Global health issues featured more prominently on the agenda of the recently-concluded G-20 summit than at any previous meeting of the rich country grouping. Country chair Germany prioritized discussions about preparedness for pandemics and antimicrobial resistance.
Universal health care also figured into discussions, thanks in part to the first-ever participation of a delegation from the World Health Organization, led by newly-elected director-general Dr. Tedros Adhanom Ghebreyesus. During his address to the G-20, Tedros called UHC “the strategic solution actually, to prevent epidemics and provide quality care to our people by strengthening health systems of countries, especially in the most fragile and vulnerable parts of our world.”
Also in WHO’s delegation was Dr. Peter Salama, who took over as the first head of WHO’s new Health Emergencies Program in 2016. The initiative was at the forefront of the reforms WHO unveiled in response to criticism of the agency’s slow response to the West Africa Ebola outbreak. The program is designed to coordinate with countries and international partners to both prepare for and respond to emergencies, while also weighing in on broader efforts to contain disease outbreaks and provide relief.
After the summit, Salama spoke to Devex about the significance of the WHO’s involvement in the summit, and how that could translate into future policies and actions. The interview has been edited for length and clarity.
What is the significance of health being featured so prominently on the G-20 agenda this year?
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It’s not the first time health has been on the agenda of the G-20, of course, but it’s the first time that there’s been a whole session on health and WHO was officially invited to participate in it. I think that reflects the increasing support from G-20 leaders to broaden the agenda beyond economic issues to the issues around health, education and social development.
There were three major aspects of that focus. A focus on health systems and universal health coverage, a focus on health emergencies, and a focus on antimicrobial resistance. All of those got more time than I’m sure they’ve ever had. That reflects at least the political commitment of the leaders on those issues. And now it’s up to all of us to follow through and make sure those commitments are met.
What specific discussions stood out to you as most significant?
One particularly focused around the need to comprehensively implement the international health regulations. What we find globally is that everyone wants everybody else to report an outbreak as early as possible. When it comes to an epidemic in their own country, there’s often a lot of reluctance. And the reluctance is sometimes for a very rational reason, which is that other countries might levy unnecessary travel and trade bans on the countries that report. There was a really good discussion around mutual obligations in health to report early whenever there’s a serious outbreak, but also to ensure that the system catches those other countries that are levying unnecessary travel and trade barriers.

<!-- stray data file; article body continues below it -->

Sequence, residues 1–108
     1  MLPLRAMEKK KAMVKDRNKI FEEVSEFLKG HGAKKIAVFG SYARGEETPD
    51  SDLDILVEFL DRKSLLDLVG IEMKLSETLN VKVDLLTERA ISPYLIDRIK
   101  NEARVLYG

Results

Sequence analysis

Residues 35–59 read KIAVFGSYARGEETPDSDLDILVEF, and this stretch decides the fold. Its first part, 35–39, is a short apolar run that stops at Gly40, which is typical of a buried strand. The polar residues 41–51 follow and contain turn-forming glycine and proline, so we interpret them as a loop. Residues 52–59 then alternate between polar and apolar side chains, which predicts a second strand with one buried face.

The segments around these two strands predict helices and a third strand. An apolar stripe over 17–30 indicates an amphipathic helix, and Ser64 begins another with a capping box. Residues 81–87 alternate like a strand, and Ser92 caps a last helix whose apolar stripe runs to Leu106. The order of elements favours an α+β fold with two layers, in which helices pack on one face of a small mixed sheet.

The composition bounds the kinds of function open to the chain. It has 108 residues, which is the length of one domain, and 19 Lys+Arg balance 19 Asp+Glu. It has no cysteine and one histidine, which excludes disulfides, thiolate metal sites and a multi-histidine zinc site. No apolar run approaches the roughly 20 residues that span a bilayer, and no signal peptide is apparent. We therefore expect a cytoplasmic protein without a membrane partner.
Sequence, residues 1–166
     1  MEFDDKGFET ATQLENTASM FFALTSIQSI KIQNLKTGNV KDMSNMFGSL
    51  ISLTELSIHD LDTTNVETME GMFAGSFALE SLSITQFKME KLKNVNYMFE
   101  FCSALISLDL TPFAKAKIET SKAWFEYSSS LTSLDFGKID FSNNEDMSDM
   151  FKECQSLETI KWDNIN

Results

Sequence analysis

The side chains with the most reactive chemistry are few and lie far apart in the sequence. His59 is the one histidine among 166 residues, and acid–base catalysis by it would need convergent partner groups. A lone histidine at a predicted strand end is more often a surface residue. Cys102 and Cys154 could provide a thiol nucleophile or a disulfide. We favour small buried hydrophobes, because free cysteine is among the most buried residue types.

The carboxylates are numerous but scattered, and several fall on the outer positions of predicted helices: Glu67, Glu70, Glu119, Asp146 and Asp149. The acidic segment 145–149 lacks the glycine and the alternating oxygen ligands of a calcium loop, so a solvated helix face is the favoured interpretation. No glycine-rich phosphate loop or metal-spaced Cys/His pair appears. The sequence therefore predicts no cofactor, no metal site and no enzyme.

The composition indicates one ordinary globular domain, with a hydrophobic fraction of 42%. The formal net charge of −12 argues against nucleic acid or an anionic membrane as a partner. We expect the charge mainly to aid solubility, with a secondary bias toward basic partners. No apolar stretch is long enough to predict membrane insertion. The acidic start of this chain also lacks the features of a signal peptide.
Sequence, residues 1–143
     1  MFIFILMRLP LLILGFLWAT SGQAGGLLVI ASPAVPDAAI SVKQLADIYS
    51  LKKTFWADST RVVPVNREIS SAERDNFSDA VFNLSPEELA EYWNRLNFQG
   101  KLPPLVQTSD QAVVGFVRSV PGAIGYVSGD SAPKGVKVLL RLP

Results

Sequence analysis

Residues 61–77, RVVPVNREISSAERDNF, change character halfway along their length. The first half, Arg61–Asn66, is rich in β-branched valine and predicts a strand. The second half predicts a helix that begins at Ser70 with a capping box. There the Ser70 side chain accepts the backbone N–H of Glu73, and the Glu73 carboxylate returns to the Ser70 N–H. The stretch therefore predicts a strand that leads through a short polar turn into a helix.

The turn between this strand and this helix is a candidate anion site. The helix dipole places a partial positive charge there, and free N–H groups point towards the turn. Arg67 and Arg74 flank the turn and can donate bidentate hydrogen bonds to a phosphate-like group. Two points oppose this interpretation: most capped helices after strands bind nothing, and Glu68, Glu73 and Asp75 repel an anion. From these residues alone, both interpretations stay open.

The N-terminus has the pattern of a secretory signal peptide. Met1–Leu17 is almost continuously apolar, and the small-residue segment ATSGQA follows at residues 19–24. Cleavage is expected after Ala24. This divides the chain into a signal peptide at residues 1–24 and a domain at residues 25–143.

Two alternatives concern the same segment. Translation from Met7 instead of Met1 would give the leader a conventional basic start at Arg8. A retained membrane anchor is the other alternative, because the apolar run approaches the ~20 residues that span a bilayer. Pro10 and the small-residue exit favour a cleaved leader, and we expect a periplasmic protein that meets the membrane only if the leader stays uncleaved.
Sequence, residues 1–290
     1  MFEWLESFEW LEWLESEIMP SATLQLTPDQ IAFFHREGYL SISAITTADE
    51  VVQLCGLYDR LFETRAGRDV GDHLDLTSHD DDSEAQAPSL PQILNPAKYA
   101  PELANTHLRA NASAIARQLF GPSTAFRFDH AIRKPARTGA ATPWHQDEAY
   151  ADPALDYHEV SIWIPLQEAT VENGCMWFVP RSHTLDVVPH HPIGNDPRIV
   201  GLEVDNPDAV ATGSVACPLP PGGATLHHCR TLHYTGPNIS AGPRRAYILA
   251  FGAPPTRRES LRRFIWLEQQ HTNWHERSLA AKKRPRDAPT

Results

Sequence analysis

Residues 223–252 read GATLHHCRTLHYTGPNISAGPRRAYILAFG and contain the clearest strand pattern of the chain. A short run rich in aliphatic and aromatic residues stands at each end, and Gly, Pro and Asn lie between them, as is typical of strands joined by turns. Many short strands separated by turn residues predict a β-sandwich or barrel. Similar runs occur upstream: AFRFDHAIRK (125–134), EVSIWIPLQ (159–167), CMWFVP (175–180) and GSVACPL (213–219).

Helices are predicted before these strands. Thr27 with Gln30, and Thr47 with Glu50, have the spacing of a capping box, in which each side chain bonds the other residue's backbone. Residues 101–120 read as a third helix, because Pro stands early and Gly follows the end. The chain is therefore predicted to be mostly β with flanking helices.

Another thing that came out strongly was the need to ensure we’re not just reactive, but proactive in terms of building countries’ capacities around the world to ensure that much earlier on in the cycle we’re investing in national core capacities — around surveillance, around emergency response, around laboratory networks — so that we’re much better prepared.
What was not discussed that should have gotten more attention?
There was a lot of reference and discussion in some of the other sessions around security issues. There was a whole session on counterterrorism and a lot of discussions on economic issues. I think people related very much the climate change aspects to both those issues. But I would have liked to see more linkages directly made between other health agendas, to both climate change and also the economic and security issues. On climate change, especially, it’s a major health issue, and that didn’t get enough airtime.
Though health got a lot of attention, not a lot of specific funding commitments emerged. What comes next?
“We’ve finally got health as a major issue on the G-20 agenda, so we need to keep it there. But we also need to keep it there for a purpose.”—
It was really about people’s readiness and willingness, and around the political commitment at this point. The G-20’s not a pledging summit, but of course it’s important once you’ve got the political commitment, usually the financial commitments can follow.
What’s really important is we’ve finally got health as a major issue on the G-20 agenda, so we need to keep it there. But we also need to keep it there for a purpose. There’s no point in keeping it on the agenda if there’s no action. We have these commitments from the G-20. How do we translate that into an action plan that does see more financial commitments to these issues? Not just for WHO — certainly for WHO, which does need a different financing model to be more fit for purpose — but for all of the global health partners that are contributing to this agenda.
Several other initiatives were discussed that go beyond WHO. We focused on those issues, including funding for our contingency fund for emergencies, which has really been quite critical for improving our response in the last year or two. But also the World Bank discussed its pandemic financing facility for outbreaks and emergencies. There was also a discussion around reproductive health and other issues. All of those issues will need to be supported and financed.
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